Three years ago, against the advice of many, I left a budding career in journalism to build my own freelance copywriting and editing business. Since then, I’ve fielded a regular stream of emails from and about people searching for a way to make writing pay. The frustration is palpable in these emails as well as in conversations I have with friends and strangers every day. So, too, is the hope. Hope that somehow, some way, a natural gift for words might still be fashioned into a viable life calling.
Most of the emails go something like this:
“Hi, Erin! My brother/friend/co-worker needs some help. He’s always been a great writer. His teachers told him so. We tell him so. But he’s lost. He hated his last three jobs and now he’s unemployed. Is there any way he can turn his talent for words into a career? Do you have any advice for him?”
Yes. Yes, I do. And I am currently in the process of fashioning what I’ve learned into a short guide for newbie writers. The first hit is free! I’d love to know what you think.
Tough Truth for Writers #1: You are not Don Quixote.
You remember Don Quixote, don’t you? That eager, nebbish hero of classic Spanish literature who strikes out into the world, sword and lance in hand, naively seeking the life of adventure he’s read about in books?
You, Dear Reader, aren’t he. Matter of fact, neither am I. And neither is the guy in your writing group who just scored his first book deal, or your sister’s friend who made a zillion dollars off ads on her Quirky Mommy Blog. I’m not trying to be harsh. In fact, I don’t even blame you, Dear Writer, for hoping that maybe we were Don Quixote. (It would certainly explain our rumpled clothes and the wheezing chariots we drive ourselves around town in.) After all, every culture since the dawn of the alphabet has romanticized Itinerant Dreamy Creative Types.
Every good movie has one, and so does every interesting family or group of friends, and we love them for their wandering ways. We let them sleep on our couches. We sometimes lend them cash. We fawn over their adventuring spirits and invite them to all our dinner parties because they’ve got, like, the best travel stories ever.
But as you may have noticed, especially if you’ve tried to nominate yourself for the position, what our culture doesn’t do is pay anyone to be an Itinerant Dreamy Creative Type.
Even IDCTs with multiple writing degrees and a good measure of natural talent are unlikely to find anyone waiting at the foot of their bed each morning, offering up wads of cash in exchange for the first rights to trumpet their eloquent observations far and wide. Even when those observations are really, really fantastically crafted.
We are not Don Quixote. But like him, because we are writers, we feel irresistibly, cosmically compelled to seek out strange and interesting fodder for our literary reveries, to chase shadows and inspirations to the far corners of the earth, or, at least, the far corners of our minds. So, like his, our paths will inevitably wind and twist. And this is where the trouble can start.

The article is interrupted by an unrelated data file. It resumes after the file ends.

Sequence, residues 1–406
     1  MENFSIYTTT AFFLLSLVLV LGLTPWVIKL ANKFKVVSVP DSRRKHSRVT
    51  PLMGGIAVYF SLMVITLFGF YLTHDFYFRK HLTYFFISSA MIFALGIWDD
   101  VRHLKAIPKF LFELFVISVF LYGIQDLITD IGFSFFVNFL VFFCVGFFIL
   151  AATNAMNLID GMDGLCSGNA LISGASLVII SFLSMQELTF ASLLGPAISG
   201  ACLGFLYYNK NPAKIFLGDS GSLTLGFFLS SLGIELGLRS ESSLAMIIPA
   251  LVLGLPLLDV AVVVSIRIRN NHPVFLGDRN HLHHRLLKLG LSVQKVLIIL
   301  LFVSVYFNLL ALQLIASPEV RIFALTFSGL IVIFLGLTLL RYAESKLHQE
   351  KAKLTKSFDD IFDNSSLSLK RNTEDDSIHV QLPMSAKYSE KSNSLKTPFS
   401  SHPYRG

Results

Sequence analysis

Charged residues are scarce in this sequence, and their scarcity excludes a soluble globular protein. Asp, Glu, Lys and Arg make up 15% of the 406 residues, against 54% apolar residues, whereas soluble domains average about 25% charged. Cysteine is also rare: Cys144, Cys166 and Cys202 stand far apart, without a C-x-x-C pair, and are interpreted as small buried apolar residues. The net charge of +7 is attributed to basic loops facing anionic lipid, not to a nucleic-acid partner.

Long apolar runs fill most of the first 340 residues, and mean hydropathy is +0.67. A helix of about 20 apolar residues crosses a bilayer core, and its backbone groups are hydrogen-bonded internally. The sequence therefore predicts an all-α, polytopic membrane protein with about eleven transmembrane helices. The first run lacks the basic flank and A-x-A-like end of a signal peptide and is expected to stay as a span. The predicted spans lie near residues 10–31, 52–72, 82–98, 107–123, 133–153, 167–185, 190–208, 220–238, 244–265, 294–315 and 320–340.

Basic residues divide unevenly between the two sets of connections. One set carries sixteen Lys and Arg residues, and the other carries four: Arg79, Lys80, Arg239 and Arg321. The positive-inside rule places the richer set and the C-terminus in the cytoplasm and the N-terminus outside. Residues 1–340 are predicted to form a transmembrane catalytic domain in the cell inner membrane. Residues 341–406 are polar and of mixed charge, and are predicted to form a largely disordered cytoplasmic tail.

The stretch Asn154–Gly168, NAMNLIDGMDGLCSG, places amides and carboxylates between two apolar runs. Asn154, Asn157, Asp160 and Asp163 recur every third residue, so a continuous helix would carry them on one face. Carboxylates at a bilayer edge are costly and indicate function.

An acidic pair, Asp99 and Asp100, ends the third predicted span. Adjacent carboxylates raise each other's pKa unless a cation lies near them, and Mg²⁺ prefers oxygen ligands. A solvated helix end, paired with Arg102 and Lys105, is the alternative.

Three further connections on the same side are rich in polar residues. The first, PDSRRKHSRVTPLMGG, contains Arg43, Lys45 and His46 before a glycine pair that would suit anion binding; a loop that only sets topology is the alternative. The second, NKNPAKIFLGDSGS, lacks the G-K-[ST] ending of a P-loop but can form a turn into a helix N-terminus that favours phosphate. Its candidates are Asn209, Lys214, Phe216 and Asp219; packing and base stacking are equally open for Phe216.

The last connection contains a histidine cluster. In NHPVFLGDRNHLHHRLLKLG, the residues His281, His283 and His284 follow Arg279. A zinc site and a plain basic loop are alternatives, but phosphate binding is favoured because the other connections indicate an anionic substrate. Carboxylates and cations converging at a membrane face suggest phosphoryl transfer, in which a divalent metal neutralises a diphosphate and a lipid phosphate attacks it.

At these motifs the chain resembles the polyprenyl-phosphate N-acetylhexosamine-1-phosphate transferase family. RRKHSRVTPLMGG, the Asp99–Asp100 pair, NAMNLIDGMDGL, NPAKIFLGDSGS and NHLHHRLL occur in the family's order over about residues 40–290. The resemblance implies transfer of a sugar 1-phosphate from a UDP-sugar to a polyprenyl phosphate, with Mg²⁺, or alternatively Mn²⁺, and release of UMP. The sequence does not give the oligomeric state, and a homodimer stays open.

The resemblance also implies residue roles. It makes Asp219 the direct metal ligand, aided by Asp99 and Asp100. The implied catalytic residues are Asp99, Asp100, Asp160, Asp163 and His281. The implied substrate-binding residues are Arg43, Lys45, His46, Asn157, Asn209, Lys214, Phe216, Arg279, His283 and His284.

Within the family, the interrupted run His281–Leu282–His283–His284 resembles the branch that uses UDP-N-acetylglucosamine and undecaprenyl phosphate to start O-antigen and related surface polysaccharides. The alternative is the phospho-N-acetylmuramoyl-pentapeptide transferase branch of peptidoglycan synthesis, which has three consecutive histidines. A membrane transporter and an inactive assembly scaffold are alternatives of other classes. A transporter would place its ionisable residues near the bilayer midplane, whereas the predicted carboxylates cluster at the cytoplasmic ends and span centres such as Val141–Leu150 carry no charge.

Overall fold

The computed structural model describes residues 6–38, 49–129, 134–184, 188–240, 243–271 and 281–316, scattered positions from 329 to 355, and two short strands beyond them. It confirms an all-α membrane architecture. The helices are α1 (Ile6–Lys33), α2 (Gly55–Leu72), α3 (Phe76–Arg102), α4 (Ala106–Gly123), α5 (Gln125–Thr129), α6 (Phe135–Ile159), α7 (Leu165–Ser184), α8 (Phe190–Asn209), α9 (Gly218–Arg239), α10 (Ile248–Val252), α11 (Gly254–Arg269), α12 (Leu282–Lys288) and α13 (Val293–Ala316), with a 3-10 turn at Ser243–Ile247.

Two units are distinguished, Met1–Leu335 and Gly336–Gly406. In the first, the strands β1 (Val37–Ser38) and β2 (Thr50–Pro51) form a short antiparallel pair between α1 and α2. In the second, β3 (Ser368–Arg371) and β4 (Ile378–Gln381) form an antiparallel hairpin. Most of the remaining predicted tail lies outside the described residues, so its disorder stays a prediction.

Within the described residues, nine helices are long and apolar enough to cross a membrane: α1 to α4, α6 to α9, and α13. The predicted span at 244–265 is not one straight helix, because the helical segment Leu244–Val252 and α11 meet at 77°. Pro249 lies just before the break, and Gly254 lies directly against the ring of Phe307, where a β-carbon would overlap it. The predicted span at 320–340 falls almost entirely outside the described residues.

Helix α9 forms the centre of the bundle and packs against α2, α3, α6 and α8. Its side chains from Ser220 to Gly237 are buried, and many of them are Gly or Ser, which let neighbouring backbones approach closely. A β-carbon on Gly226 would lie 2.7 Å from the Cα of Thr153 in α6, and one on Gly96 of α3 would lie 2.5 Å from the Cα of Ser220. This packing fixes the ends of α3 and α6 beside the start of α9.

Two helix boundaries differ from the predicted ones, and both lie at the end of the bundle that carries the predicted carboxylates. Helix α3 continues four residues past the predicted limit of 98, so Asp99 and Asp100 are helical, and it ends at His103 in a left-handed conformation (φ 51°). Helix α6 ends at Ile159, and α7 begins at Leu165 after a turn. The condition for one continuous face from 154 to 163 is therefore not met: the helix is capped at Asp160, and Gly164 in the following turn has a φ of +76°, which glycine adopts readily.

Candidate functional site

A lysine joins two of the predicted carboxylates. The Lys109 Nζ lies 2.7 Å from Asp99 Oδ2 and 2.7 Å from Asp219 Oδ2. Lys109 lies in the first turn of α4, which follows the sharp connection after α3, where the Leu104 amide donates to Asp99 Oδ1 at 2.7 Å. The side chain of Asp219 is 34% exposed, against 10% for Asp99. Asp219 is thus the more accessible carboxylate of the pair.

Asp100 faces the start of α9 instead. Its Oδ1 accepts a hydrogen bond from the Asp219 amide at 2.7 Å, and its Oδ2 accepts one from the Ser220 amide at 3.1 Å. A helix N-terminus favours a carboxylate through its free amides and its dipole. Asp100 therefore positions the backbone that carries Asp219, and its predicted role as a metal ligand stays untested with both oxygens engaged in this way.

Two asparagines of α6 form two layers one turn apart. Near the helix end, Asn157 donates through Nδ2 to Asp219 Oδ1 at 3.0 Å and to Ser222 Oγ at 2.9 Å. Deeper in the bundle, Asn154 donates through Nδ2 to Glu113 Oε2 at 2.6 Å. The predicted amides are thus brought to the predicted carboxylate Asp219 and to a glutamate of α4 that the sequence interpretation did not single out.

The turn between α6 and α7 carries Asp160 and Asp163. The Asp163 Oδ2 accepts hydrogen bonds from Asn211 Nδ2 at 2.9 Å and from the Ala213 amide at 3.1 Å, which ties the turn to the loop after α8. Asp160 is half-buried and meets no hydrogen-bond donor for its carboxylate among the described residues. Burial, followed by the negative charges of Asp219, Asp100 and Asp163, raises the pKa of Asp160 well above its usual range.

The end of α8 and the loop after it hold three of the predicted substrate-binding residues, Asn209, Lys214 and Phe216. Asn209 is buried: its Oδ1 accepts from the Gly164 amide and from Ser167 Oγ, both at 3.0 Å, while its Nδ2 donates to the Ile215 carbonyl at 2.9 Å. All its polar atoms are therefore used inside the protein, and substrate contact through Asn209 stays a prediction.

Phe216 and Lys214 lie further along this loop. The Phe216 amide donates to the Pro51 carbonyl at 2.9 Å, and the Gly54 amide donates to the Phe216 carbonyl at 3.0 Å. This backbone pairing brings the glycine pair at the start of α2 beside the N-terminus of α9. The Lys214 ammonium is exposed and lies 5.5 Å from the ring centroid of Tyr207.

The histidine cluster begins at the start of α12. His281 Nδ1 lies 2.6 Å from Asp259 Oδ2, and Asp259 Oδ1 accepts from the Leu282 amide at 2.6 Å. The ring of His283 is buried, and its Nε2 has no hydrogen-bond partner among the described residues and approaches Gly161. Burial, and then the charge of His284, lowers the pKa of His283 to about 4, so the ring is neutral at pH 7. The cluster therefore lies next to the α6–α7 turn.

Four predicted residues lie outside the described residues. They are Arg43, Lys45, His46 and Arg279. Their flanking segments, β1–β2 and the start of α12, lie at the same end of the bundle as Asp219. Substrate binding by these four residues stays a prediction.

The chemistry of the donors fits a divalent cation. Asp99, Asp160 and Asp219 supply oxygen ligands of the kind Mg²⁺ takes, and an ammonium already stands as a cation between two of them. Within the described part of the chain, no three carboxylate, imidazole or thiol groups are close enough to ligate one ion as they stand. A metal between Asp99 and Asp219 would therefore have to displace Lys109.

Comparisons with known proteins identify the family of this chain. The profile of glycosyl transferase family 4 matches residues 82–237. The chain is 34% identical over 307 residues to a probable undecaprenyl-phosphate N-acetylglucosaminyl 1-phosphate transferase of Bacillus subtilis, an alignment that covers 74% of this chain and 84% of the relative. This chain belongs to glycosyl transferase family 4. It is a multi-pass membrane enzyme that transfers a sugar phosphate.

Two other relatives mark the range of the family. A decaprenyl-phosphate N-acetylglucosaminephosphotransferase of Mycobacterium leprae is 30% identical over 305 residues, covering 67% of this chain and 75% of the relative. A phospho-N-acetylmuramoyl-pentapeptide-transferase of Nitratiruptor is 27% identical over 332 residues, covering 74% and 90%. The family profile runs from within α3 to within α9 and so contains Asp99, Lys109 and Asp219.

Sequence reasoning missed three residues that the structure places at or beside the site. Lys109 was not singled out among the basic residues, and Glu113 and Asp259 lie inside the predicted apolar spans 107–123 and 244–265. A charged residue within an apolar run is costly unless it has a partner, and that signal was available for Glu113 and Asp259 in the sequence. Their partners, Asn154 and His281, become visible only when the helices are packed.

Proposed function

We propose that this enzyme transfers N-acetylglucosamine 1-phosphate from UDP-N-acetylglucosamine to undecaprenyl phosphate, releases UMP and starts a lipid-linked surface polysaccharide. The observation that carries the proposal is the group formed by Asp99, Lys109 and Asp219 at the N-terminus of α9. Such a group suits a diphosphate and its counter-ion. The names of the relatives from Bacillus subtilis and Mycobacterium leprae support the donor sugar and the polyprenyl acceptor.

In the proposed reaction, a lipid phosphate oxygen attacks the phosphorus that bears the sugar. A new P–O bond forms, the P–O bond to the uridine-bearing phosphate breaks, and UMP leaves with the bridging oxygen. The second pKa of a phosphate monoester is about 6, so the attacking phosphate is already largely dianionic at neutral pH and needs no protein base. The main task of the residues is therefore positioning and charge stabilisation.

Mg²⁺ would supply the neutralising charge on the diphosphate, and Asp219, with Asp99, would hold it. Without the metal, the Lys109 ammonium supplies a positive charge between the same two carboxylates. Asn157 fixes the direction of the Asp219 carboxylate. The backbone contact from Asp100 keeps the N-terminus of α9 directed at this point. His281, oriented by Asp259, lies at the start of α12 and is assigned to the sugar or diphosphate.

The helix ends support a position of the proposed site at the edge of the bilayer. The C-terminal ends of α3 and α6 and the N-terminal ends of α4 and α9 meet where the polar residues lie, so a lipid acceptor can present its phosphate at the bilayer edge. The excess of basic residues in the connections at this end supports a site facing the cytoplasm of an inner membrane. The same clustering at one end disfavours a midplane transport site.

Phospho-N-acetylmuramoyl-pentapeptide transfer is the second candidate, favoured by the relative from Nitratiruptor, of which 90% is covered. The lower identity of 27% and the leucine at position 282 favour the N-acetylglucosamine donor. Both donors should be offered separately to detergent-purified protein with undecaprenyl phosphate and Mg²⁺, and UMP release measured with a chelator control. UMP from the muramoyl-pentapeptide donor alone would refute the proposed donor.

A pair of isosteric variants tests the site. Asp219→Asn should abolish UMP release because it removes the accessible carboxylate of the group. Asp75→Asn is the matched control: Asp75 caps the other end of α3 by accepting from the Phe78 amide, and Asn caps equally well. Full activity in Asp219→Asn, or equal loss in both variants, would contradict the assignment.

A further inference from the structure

For many would-be-writers, the first part of the story goes something like this: Your sister wanted to be a lawyer. So she majored in political science, earned admission to a respectable law school, took out her nose ring, wrote for the law review, and eventually landed a cushy government job. Your best friend wanted to be a legal secretary. So she scored a filing job at a downtown law firm straight out of undergrad and worked her way up over the course of half-a-decade, taking advantage of free on-the-job training and saying “Yes” to every promotion until, voila! Legal secretary at 26.
And then there was you. Maybe you majored in English, communications, or creative writing, or at least you fantasized about it during those interminable, soul-sucking chemistry labs. Maybe you stayed up all night reading Raymond Carver short story collections and writing bad fiction that became, over time, slightly less bad and maybe even eked its way into the realm of good. Maybe you wrote a column for the college paper and thrilled at the rush of being published – and read, and discussed – by your peers. Then, graduation. By default (and the need to, like, eat every day) maybe you ended up working in an office doing corporate communications or managerial work or some other thing that was only tangentially, if at all, related to the written word.
Or maybe you reformed your writerly ways earlier on: you penned poetry and plays all through high school, then opted for the fast-track into early adulthood and became a teacher or a cop or a construction worker or a cocktail waitress. Now you’ve woken up five or 10 or 20 years older and you are longing to reconnect with your youthful love for the quiet craft. You mightn’t have written, I mean really written, anything in years, but the itch is back and worse than ever. It’s not too surprising. If you’ve got writing in the marrow of your bones, it will always call you back, eventually.
Or maybe you are just starting out your career, and determined to give the writing biz a shot, because you like working with words and you figure it’s worth it at least to try.
Whatever your story, and whether or not you’ve ever even read Don Quixote, I’ve got some good news. The happy reverse of this rusty coin is that you wouldn’t probably want to be Don Quixote anyway, even if you could. Because he has so little horse sense that he mistakes peasants for princesses, windmills for giants, and poisonous draughts for healing elixirs. Because he’s so wrapped up in reveries that life ends up happening to him and not for him, and that’s no way for a creative person to live.